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Church of St John the Evangelist

A Grade II Listed Building in Shaftesbury, Dorset

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Coordinates

Latitude: 51.0075 / 51°0'26"N

Longitude: -2.2085 / 2°12'30"W

OS Eastings: 385470

OS Northings: 123142

OS Grid: ST854231

Mapcode National: GBR 1XH.LH8

Mapcode Global: FRA 668G.1FV

Entry Name: Church of St John the Evangelist

Listing Date: 20 June 1952

Grade: II

Source: Historic England

Source ID: 1217817

English Heritage Legacy ID: 102002

Location: Shaftesbury, North Dorset, Dorset, SP7

County: Dorset

District: North Dorset

Civil Parish: Shaftesbury

Traditional County: Dorset

Lieutenancy Area (Ceremonial County): Dorset

Church of England Parish: Shaftesbury and Enmore Green St James

Church of England Diocese: Salisbury

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Listing Text


688/4/114 CHURCH HILL
20-JUN-52 ENMORE GREEN
(North side)
CHURCH OF ST JOHN THE EVANGELIST

II

1842-3, by George Alexander of London.

Materials: Ashlar sandstone (probably local Greensand stone), blue slate.

Plan: Cruciform plan with apsidal chancel, and crossing tower. Three-bay nave. There are galleries at the west end and in both transepts, the latter originally reached by stair turrets in the angles between the chancel and transepts. These were accessed originally only from the exterior at ground level.

Exterior: The church is built in the Neo-Norman style, with a squat crossing tower which rises in one short stage above the roofline. The tower has raised strips like clasping buttresses at the angles, two bell-openings in each face, each of two narrow lights under an outer round arch. There is a corbel table and an embattled parapet. Generally the windows have a single order of colonnettes with simple scallop-type capitals, under a round arch. The lower walls of the four arms are plain, with all the windows high up, above a continuous stringcourse at sill level. The apse is semicircular in plan. It has three small single lancets, widely spaced. The transepts have triple windows facing north and south, under a continuous outer moulding, and a single light above in the gable. The west gable has a big oculus with star-pattern tracery, and a small central door with one order of colonnettes. The staircases in both eastern gallery turrets have gone; the southern turret now connects with the interior to form a secondary exit.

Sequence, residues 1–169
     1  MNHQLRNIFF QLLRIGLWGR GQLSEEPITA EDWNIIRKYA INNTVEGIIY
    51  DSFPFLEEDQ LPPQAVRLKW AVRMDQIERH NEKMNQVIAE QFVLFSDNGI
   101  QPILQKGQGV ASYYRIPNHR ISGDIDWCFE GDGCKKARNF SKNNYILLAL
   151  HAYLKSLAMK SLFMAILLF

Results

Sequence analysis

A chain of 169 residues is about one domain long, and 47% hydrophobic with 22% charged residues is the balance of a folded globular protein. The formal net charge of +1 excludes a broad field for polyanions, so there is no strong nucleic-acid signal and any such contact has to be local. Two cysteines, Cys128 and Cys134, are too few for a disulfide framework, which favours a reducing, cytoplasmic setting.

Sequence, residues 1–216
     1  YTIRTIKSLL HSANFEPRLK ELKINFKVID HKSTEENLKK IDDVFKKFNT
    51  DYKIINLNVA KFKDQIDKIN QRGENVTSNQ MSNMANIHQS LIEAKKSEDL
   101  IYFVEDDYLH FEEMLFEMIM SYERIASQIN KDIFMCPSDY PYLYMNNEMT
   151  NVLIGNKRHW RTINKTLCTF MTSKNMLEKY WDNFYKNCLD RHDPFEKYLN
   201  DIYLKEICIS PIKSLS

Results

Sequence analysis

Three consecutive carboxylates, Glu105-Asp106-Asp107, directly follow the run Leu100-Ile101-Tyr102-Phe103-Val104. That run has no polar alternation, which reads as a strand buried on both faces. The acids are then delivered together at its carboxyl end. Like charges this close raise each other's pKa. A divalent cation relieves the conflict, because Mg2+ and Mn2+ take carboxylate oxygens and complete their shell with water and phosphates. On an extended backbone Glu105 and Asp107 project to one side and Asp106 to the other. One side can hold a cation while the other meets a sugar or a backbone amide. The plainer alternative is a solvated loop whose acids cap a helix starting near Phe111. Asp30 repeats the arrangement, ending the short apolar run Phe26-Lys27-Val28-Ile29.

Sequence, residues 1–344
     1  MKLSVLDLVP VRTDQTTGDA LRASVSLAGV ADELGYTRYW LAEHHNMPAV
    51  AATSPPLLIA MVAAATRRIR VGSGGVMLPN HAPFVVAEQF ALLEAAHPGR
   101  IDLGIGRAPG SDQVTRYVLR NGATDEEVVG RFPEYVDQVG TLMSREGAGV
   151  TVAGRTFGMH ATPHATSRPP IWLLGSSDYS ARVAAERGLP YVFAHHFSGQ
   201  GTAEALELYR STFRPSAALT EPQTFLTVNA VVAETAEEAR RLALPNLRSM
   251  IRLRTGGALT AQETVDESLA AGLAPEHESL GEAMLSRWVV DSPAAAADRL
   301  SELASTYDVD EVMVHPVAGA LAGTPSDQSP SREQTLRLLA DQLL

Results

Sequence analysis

Interior: The interior is quite plain, with white painted walls, and the expected crossing with big round arches on all sides. The nave bays are defined by heavy columnar wall shafts with Norman capitals which act as corbels for the roof trusses. The roof is of dark-stained deal, with simple nave trusses and radial rafters over the apse. Stone flagged floors, with boards beneath the seating. Three galleries of 1843 survive in both transepts, and west end of the nave. Staircase access altered, especially to the north transept. Beneath the south gallery, a vestry has been formed. The west end has a tongue-and-groove boarded partition forming a small inner lobby, and enclosing the west gallery stairs (south) and toilet and kitchen (north). The latter was created in 2004. The north-west corner of the nave was originally the site of a small robing room, removed perhaps when the south transept vestry was created.